A while back, I moved to Mobile Vikings as my mobile operator. I was quite enthusiastic. The picture looked idyllic. 2 Gb per month of data transfer seemed like an offer you cannot refuse, given the state of the Belgian mobile phone market, characterized by high prices, wicked contracts and not-so-honest salesmen. Mobile Vikings is a MVNO, using the KPN network in Belgium.
I knew from the start that I would not get high speed 3G in my area. However, I did not expect their 2G network to be so slow. I also expected “Vikings” to fight for better speeds by putting network operators under competition, and eventually move to a network operator which offered better speed. I was wrong. On their Facebook page they continue to claim the network is still being upgraded to 3G, and keep reassuring their customers. In the meantime, their competitors are already deploying 4G. By the time KPN will have a decent 3G network, it will already be outdated by industry standards.
Little did I know at the time that the company running the Mobile Vikings brand is owned at 33% by KPN. In effect, it has no choice but to use the KPN network. In other words, it contributes to the sclerosis of the Belgian mobile market, under the guise of being a “Viking”.
The other disturbing issue was caused by the recent decision of the Antwerp appeals court to order ISPs Belgacom and Telenet to block DNS queries to the Pirate Bay. BAF, the lobbying organization defending IPR right holders subsequently blackmailed other ISPs, threatening to take them to court if they did not apply the same blocking, despite these ISPs not being a party to the cause. KPN silently complied. This also impacted Mobile Vikings customers, since they use the KPN network.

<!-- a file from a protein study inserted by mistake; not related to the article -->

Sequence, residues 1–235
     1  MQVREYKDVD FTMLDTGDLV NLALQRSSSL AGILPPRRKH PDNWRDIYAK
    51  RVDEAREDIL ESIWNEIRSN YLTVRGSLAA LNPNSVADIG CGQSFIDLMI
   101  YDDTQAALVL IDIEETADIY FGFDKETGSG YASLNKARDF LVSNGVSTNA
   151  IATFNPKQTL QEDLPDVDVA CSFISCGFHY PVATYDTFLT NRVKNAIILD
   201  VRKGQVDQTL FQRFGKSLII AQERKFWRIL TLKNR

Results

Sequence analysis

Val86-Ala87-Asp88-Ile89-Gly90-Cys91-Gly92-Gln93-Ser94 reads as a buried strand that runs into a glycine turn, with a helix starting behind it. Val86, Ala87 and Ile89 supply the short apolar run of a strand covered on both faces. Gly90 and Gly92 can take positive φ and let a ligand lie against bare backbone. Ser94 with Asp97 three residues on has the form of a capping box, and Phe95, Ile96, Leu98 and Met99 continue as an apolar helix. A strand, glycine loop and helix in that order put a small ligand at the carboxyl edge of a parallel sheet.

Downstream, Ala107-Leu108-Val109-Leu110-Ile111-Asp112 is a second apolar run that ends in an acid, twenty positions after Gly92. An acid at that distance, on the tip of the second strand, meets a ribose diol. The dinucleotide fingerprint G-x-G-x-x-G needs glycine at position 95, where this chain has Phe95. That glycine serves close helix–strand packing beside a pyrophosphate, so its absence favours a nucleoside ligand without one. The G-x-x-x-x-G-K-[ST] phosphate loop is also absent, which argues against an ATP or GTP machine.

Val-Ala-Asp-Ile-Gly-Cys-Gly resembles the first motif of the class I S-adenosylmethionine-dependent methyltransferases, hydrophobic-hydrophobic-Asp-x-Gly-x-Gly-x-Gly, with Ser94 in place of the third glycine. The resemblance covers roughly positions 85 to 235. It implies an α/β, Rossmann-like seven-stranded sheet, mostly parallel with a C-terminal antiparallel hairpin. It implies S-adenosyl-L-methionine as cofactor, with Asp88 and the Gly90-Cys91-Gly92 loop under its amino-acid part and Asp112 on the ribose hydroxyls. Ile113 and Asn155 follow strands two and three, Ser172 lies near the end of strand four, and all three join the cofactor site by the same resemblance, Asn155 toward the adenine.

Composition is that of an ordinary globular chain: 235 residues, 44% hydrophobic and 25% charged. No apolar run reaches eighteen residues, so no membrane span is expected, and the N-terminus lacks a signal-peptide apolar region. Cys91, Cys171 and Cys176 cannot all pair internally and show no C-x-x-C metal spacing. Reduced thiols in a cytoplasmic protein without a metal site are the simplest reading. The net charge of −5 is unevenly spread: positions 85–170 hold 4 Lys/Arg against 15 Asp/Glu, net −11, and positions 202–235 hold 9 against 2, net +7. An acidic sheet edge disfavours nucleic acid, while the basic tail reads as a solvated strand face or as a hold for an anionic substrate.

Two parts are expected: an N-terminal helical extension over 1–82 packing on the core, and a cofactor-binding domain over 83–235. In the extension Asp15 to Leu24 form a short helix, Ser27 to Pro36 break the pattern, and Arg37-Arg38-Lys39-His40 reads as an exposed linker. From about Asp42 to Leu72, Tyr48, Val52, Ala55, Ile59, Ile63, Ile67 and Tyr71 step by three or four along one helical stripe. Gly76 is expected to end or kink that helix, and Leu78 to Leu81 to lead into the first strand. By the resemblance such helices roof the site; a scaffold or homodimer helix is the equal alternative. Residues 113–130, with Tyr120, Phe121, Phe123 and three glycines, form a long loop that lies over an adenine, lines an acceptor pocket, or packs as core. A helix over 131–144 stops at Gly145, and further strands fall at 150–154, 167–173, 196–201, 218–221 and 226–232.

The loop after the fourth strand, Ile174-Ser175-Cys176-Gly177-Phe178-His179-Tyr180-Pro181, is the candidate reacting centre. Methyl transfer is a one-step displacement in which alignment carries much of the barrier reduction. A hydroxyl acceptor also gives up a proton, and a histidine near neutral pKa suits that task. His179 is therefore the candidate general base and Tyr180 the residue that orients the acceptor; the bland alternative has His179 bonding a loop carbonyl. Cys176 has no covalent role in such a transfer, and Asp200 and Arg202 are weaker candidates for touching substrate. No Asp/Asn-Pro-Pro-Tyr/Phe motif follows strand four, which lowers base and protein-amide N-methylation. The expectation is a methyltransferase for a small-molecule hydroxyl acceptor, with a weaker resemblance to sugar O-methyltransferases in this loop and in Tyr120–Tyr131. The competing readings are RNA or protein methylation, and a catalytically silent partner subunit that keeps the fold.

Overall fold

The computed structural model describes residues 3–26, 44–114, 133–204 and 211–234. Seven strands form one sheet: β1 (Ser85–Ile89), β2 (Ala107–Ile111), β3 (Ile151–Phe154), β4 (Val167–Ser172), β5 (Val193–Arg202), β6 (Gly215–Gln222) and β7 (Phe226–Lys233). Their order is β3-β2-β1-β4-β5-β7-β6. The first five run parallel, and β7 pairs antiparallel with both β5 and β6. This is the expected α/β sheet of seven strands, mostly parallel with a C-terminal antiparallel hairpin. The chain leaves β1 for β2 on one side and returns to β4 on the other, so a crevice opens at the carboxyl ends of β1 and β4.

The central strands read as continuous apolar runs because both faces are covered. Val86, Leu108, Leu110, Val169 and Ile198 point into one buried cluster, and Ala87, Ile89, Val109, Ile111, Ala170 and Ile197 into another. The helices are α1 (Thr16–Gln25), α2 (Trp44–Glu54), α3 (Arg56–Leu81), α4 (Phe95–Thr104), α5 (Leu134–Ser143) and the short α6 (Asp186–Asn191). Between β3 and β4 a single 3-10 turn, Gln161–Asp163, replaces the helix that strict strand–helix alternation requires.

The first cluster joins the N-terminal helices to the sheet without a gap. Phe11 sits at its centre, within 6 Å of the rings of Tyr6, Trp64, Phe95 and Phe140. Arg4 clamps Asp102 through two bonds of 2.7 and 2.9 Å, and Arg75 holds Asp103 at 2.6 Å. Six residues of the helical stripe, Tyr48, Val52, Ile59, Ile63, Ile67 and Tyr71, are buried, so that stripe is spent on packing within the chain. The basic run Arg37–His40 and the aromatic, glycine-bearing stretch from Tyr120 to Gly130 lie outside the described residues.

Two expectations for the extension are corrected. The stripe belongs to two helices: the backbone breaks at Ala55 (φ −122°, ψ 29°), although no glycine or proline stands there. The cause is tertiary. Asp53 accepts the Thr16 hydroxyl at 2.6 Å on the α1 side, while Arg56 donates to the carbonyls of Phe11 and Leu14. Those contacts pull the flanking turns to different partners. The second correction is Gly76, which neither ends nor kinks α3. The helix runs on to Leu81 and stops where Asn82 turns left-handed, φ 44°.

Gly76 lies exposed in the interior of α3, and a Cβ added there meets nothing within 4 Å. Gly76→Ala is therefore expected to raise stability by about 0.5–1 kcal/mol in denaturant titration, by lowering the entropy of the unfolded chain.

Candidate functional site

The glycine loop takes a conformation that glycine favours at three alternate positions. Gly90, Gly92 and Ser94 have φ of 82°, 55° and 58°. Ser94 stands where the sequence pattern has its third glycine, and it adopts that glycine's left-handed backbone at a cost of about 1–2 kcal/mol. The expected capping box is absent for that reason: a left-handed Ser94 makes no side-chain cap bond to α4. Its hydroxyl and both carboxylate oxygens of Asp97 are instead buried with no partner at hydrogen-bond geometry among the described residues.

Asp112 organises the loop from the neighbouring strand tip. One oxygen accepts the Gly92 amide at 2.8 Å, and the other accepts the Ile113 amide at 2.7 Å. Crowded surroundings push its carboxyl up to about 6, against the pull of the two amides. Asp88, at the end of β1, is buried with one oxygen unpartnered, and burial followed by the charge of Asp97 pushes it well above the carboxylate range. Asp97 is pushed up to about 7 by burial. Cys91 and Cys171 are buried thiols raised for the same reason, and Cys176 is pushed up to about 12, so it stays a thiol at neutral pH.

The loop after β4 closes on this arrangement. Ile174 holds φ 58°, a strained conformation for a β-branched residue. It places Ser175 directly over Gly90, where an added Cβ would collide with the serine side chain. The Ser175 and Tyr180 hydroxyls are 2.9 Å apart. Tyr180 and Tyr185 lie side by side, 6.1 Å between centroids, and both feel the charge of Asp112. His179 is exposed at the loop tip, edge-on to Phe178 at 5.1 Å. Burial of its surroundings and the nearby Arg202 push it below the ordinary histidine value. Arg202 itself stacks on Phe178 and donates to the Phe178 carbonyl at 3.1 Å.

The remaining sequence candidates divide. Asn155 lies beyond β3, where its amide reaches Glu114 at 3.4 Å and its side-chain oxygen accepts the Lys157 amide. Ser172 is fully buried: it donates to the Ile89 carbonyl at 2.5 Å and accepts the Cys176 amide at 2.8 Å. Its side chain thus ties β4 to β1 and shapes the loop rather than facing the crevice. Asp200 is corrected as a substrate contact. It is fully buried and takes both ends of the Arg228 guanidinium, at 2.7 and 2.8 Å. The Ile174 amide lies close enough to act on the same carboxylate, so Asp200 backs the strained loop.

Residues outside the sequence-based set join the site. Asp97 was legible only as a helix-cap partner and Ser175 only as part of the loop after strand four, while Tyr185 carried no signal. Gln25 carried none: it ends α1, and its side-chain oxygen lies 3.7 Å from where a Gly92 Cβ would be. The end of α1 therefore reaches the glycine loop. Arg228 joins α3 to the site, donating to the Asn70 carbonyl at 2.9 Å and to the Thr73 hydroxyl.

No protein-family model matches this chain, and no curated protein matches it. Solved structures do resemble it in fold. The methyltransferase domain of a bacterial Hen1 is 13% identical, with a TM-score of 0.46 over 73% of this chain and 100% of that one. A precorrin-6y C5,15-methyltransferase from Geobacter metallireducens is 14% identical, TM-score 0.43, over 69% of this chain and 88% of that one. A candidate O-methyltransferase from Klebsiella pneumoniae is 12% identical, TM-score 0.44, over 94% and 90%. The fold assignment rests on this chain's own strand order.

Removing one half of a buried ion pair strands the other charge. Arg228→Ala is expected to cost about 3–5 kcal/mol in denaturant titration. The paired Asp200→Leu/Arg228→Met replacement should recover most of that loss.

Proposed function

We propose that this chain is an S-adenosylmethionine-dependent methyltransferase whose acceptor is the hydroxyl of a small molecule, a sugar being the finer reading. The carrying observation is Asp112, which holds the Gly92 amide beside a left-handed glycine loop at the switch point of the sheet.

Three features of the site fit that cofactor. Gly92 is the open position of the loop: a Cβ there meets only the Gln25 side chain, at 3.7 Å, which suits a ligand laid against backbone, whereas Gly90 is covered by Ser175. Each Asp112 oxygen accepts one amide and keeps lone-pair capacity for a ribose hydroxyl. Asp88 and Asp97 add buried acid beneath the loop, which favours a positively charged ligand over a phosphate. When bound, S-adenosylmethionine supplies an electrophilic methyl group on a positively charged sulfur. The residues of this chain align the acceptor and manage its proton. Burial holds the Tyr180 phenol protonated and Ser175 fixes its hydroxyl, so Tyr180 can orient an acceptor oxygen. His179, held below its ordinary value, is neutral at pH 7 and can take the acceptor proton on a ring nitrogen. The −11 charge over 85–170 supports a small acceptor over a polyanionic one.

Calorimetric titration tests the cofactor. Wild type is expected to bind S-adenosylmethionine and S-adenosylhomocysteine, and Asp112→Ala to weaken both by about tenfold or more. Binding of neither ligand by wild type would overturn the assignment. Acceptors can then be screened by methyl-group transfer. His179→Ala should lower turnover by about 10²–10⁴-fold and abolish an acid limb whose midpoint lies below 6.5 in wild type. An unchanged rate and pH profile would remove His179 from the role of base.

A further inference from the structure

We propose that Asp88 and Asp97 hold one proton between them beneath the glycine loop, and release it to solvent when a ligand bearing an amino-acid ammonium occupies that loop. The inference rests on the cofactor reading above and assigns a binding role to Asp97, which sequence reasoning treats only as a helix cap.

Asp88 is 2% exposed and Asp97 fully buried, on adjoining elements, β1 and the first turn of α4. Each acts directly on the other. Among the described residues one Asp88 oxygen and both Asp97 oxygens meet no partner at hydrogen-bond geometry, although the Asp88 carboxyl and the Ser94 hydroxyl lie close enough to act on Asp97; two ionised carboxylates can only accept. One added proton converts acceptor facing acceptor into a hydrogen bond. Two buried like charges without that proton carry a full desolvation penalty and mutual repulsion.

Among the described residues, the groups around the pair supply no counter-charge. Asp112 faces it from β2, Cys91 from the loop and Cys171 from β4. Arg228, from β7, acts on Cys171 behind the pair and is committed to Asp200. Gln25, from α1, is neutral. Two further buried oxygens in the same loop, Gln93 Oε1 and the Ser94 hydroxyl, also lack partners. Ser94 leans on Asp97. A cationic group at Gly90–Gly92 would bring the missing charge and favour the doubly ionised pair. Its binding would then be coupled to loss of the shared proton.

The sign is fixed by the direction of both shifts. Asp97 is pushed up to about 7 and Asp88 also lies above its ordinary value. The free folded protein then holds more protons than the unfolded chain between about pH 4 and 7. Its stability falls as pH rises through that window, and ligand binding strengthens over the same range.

In the meantime, the EU court decision on the SABAM vs Scarlet case could be used to overturn the decision of the Antwerp appeals court, but KPN and others did not bother to have the case judged again, and did not resist to the pressure of the BAF. Anyway, why should KPN still care. They are apparently in the process of selling their Belgian mobile operations.
I do not use the Pirate Bay web site, neither do I even think of trying to do P2P over a 2G connection. It is all about principles. One would expect an ISP to take sides with its customers on such an issue, because Net neutrality is something that impacts ISPs too. They have repeatedly stated they do not wish to police the Internet. As has been several times demonstrated, DNS blocking is ineffective at best, and damaging at worst.
The silence of Mobile Vikings is understandable. They are not at liberty to criticize their shareholder. So much for being a “Viking”.
I was disappointed that Mobile Vikings did not put all its cards on the table. Nowhere is it clear that they are playing the KPN game on the Belgian mobile market. It would be much clearer if they told their customers beforehand.
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